And this game should be about those personal touches. When we're playing Space Marines I want someone to invoke their power armour's history in a scene and have that moment be important. I want someone to open up about that time they slaughtered a warmaster and that's why the orcs on this planet aren't attacking us yet. I want the exploration of our characters to be happening as part of the gameplay, drawing us together to become a band of brothers.

Solo and Squad modes for combat are a great idea, and Cohesion and Fate are both fascinating, but fall flat with the system as a whole. It all feels like a miniature game, and that already exists. Why not give us something really different?

Just another RPG.
Deathwatch straddles the oh-so-familiar rpg trope of being caught somewhere between a minis game and a roleplaying game, and if it actually accepted its place it would have been a lot better. If it had simply become a tabletop skirmish game with character and mission progression (like an improved Warhammer Quest or Necromunda) then it could have worked. But it has too much bullshit for a minis game, and too much other bullshit to be a decent roleplaying game.

I thought that maybe the recently released Kill Teams might do the job. I even went out of my way to walk into my closest Games Workshop store to check it out. Sadly, it doesn't stress character growth and ongoing storylines at all, really. And I guess I'd like something in between those two if I wanted a tabletop Space Marines chronicle.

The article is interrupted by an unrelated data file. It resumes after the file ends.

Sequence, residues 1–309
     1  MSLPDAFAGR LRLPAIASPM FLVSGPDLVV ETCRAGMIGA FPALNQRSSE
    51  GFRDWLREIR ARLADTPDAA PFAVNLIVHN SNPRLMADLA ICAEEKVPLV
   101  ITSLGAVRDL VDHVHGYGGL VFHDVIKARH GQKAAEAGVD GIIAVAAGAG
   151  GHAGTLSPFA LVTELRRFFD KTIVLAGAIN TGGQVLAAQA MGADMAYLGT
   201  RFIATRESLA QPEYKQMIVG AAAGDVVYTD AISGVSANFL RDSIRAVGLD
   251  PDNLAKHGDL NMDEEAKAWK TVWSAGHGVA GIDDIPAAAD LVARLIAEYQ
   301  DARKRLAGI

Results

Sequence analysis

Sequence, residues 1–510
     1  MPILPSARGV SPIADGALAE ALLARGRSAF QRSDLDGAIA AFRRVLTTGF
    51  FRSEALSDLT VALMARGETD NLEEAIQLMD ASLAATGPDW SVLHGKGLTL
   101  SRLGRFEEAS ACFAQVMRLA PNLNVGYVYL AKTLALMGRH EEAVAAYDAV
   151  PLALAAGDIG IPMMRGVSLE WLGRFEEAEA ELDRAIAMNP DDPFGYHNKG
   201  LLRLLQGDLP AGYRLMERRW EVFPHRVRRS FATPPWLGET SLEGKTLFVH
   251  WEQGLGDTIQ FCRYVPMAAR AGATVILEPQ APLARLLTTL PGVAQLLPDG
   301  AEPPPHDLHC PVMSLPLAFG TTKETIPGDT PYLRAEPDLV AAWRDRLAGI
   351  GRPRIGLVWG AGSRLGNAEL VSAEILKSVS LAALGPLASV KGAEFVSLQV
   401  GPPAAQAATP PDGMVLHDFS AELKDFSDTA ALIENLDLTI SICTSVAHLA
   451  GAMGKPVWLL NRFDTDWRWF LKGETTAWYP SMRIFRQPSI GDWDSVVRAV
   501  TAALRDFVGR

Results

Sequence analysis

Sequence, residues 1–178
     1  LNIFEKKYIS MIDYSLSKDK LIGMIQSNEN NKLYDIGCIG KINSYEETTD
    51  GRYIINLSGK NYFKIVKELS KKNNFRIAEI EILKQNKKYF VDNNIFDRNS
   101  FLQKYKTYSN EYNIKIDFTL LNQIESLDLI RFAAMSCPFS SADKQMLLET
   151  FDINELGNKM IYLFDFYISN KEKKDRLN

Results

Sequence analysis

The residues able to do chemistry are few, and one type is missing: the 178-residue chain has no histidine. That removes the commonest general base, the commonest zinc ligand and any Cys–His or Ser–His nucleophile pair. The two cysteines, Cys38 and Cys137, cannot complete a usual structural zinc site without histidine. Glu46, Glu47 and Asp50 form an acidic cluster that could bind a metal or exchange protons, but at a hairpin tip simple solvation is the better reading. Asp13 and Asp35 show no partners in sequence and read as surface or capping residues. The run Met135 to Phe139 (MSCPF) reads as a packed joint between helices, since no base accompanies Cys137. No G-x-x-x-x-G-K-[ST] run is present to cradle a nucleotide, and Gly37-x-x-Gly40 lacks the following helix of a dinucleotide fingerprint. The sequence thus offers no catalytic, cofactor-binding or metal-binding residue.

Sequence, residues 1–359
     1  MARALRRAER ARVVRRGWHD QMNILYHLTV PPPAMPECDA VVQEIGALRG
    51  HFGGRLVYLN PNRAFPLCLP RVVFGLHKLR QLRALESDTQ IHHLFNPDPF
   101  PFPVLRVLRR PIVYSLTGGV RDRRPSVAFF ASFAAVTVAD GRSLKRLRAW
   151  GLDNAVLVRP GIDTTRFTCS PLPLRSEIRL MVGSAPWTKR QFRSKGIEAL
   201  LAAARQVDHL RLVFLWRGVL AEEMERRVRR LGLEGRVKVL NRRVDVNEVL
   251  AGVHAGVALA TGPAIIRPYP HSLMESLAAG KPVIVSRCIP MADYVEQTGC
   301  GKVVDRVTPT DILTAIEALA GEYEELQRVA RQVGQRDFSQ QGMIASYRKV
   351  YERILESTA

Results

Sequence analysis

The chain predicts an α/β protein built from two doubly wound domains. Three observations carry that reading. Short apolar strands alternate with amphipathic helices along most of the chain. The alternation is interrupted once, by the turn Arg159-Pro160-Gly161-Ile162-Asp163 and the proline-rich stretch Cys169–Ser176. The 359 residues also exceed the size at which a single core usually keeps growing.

But I would really like a far different approach. Last year I read a mechanic in a game where you healed during refreshment scenes. You only get the benefits of a refreshment scene if a character reveals something about themself which hasn't been introduced before. That kind of mechanic is exactly what Deathwatch could have been built on.

Tell me about how the people of your home planet live in perpetual darkness and that's why you see well at night. Gain an advantage in a combat against a corrupted Commissar with your laspistol that you only ever use to execute traitors. Never remove your helmet in company, and even then go masked and hooded, but finally show your face to your battle-brothers and let them see the truth. Tell me of how you have dreams of dying in battle with a Hive Tyrant, but refuse to let that deter you from your mission. Let the base mechanics be built on learning about our character during play and watching him grow as we also see what made him.

That would make me feel like I'm playing a Space Marine. Deathwatch makes me feel like I'm, at best, playing a soldier.

Being fair